Proposed U.S. tariffs on wind-energy towers from China and Vietnam were welcomed by a trade group that had complained competitors were dumping products in the American market.
The Commerce Department concluded in preliminary findings yesterday that producers in the nations, which exported $301 million in towers to the U.S. in 2011, sold the utility-scale goods below production costs. The department, which set duties as high as 73 percent for Chinese products and 60 percent for goods from Vietnam, acted on a complaint by U.S. companies such as Broadwind Energy Inc. (BWEN) of Naperville, Illinois. Broadwind rose 13 percent in trading yesterday.
“Commerce has taken an important step to address the significant dumping that is taking place,” Alan Price, an attorney with Wiley Rein LLP in Washington who represents the U.S. group, said in a statement. Duties will help to “force the Chinese and Vietnamese producers to compete fairly.”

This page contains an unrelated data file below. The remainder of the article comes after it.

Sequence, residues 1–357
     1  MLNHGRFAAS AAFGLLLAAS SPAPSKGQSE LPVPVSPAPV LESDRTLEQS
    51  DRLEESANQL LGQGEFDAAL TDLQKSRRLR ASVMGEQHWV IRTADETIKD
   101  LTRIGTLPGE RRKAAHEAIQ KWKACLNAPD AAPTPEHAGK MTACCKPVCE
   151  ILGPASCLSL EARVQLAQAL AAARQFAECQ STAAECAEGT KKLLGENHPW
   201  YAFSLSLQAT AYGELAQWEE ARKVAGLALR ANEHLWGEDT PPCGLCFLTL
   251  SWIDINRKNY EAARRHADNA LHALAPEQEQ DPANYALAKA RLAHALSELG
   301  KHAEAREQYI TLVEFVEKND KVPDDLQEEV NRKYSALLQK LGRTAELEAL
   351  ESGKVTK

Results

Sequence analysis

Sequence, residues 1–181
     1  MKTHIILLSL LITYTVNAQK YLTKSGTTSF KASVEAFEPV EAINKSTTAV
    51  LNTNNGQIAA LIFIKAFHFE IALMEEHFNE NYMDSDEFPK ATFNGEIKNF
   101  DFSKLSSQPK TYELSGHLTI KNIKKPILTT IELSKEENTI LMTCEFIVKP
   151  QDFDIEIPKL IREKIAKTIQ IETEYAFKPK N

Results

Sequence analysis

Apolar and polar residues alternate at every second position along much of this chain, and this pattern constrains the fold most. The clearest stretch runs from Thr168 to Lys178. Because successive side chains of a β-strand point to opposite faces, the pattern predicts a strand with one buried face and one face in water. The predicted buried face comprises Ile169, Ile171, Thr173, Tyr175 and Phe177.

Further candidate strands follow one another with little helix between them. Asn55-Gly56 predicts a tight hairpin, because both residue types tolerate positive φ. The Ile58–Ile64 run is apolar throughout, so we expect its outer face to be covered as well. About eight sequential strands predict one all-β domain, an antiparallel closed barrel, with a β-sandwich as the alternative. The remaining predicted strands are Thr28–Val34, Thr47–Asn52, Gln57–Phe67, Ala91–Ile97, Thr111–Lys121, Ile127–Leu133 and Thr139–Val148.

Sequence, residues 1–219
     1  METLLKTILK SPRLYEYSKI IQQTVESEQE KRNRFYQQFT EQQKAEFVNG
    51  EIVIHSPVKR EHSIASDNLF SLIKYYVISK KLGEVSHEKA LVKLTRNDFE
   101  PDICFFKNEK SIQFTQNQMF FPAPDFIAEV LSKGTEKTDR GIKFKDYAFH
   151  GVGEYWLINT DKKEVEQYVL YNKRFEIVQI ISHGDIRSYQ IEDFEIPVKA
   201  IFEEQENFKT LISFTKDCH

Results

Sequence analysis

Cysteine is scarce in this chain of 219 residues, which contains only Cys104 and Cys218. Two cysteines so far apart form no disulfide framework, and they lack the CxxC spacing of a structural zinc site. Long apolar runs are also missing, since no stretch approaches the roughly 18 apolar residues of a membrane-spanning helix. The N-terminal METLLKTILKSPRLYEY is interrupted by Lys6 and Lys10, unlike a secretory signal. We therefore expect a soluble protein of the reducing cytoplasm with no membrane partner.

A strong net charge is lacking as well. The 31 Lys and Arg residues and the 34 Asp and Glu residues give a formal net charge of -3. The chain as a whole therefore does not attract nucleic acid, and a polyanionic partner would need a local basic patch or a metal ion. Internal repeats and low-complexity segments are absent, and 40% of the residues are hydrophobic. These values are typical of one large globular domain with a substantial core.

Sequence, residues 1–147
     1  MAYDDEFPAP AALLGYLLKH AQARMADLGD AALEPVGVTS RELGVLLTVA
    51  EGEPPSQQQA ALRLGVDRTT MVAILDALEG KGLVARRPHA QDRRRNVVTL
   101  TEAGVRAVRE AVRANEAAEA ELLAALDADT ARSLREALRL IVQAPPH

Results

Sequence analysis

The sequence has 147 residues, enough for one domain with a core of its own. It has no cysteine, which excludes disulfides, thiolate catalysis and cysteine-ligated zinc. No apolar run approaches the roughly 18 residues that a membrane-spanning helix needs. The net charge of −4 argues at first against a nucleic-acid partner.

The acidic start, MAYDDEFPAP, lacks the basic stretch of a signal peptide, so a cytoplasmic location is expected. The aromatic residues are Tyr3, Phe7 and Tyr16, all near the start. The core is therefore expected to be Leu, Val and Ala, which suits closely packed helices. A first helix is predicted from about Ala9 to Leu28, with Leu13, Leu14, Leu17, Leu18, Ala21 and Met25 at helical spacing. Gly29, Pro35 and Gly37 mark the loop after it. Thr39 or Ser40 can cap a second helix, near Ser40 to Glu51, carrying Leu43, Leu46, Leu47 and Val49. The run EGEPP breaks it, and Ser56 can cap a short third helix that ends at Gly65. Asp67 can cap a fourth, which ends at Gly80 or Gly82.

The U.S. has imposed duties on numerous types of renewable- energy products from China in recent months, prompting retaliation in an escalation of trade tensions between the world’s two largest economies. President Barack Obama and Republican presidential candidate Mitt Romney have pledged stronger enforcement of trade actions against China, ahead of U.S. elections in November.